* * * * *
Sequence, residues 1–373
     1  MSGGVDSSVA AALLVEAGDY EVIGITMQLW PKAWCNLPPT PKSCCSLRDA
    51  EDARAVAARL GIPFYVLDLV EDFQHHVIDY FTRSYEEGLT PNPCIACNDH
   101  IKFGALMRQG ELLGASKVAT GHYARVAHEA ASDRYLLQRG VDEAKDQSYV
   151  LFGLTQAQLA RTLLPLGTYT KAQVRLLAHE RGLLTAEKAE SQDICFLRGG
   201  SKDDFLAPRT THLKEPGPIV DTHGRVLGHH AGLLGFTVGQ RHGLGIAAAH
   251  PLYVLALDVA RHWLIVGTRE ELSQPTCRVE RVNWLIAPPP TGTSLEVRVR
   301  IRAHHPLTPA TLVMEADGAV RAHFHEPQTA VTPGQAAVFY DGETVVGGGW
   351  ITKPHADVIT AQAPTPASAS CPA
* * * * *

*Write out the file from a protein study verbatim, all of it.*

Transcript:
Sequence, residues 1–373
     1  MSGGVDSSVA AALLVEAGDY EVIGITMQLW PKAWCNLPPT PKSCCSLRDA
    51  EDARAVAARL GIPFYVLDLV EDFQHHVIDY FTRSYEEGLT PNPCIACNDH
   101  IKFGALMRQG ELLGASKVAT GHYARVAHEA ASDRYLLQRG VDEAKDQSYV
   151  LFGLTQAQLA RTLLPLGTYT KAQVRLLAHE RGLLTAEKAE SQDICFLRGG
   201  SKDDFLAPRT THLKEPGPIV DTHGRVLGHH AGLLGFTVGQ RHGLGIAAAH
   251  PLYVLALDVA RHWLIVGTRE ELSQPTCRVE RVNWLIAPPP TGTSLEVRVR
   301  IRAHHPLTPA TLVMEADGAV RAHFHEPQTA VTPGQAAVFY DGETVVGGGW
   351  ITKPHADVIT AQAPTPASAS CPA